I find that reviews don't help, at least in my experience, as someone should know what they are doing well and where they lack.
You could read "The Fifth Discipline" by Peter Senge, and get an idea about what a learning organization is, and if you focus on developing the company that way, and ensure that everyone can add to the quality of what you do, and everyone is able to continue on self-improvement/education, then I am not certain what you will benefit from doing these reviews.
A couple of thoughts from perf. reviews I've done in the past:
Performance reviews are better done in incremental chunks (like once a quarter). Doing a mini-review or quarterly goal review seems to work well for us. I was exposed to this at a former employer and thought it was a bit much initially, but found that over time, the feedback intervals are natural. It also allows me to remember what they did in shorter intervals -- thus not having to rely on the last couple of months impression.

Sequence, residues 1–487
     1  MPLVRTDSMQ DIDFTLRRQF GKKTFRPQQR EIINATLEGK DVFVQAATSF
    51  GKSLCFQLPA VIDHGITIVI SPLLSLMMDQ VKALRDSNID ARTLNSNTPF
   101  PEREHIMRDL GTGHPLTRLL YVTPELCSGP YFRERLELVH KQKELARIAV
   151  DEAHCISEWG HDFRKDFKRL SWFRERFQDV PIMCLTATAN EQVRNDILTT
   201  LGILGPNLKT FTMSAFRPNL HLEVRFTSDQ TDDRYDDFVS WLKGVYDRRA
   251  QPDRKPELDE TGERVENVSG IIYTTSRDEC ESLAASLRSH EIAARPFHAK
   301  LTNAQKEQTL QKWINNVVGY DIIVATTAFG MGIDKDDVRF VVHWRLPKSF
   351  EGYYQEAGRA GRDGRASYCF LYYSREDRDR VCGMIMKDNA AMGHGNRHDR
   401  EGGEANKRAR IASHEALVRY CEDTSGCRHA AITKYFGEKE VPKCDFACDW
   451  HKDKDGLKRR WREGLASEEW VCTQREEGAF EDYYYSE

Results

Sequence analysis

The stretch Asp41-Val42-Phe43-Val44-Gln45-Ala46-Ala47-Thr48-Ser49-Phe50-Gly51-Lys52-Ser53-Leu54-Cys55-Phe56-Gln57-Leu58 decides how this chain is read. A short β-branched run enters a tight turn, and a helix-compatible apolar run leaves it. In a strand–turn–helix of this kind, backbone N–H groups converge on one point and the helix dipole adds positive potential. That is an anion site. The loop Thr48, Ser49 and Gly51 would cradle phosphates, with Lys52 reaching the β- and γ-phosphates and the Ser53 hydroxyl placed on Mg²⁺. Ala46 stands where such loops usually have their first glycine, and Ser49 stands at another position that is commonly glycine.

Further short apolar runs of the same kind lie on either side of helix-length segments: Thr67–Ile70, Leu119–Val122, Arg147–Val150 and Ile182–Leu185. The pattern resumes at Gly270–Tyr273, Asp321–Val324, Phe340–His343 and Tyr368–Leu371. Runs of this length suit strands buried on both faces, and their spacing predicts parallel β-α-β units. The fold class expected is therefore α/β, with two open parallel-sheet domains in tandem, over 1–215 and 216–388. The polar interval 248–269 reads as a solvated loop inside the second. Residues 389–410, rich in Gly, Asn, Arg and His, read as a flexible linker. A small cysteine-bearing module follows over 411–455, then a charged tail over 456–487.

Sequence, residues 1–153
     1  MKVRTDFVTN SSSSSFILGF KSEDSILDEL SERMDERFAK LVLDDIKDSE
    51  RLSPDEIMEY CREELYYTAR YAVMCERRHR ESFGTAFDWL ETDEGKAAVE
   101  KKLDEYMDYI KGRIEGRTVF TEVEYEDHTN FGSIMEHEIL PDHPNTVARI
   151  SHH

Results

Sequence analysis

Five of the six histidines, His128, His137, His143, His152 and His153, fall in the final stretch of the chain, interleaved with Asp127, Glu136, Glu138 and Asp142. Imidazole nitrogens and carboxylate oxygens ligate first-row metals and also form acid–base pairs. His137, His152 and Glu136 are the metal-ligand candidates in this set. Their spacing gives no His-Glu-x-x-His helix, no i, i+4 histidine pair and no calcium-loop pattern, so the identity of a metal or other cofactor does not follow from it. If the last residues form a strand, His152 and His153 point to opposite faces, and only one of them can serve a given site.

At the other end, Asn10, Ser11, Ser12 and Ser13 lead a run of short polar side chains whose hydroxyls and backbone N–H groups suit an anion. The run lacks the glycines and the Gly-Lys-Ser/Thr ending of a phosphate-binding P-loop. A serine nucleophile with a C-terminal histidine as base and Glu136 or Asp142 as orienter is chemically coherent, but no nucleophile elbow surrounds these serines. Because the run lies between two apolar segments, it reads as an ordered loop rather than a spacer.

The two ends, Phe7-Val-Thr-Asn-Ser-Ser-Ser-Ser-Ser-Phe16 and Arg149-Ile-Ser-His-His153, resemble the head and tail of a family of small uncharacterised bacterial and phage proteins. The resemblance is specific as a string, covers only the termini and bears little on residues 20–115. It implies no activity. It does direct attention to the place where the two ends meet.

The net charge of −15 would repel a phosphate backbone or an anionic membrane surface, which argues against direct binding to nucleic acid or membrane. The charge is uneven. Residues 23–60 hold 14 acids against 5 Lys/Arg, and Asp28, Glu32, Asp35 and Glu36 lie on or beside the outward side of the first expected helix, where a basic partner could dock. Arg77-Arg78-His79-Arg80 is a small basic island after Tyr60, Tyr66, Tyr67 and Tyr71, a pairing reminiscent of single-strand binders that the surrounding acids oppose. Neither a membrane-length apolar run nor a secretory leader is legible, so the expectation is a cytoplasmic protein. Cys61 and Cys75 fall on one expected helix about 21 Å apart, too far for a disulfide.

Part of the naturalness of the quarterly review was the notion of quarterly goals. Setting and reviewing goals every quarter was a great way to adjust expectations as conditions changed. It was also a great way for employees to know what is important and how they are doing toward the overall companies goals.
Here are my four suggestions on this topic...
Hope this was helpful. I'd love to hear dissenting opinions on this.
HR is something that many companies, especially startups, don't give the proper attention to. While you could read a few articles about it, it is a complicated process to do right, and something that you should do professionally if you want it to have the right effect.
If you don't do it the right way, it could damage the company, since people will feel less secure about their jobs and less motivated, since as you said, " the system itself seems almost fundamentally flawed".
If you want to do it right, by getting a specialist, thats great. If not, then it may not be a good idea.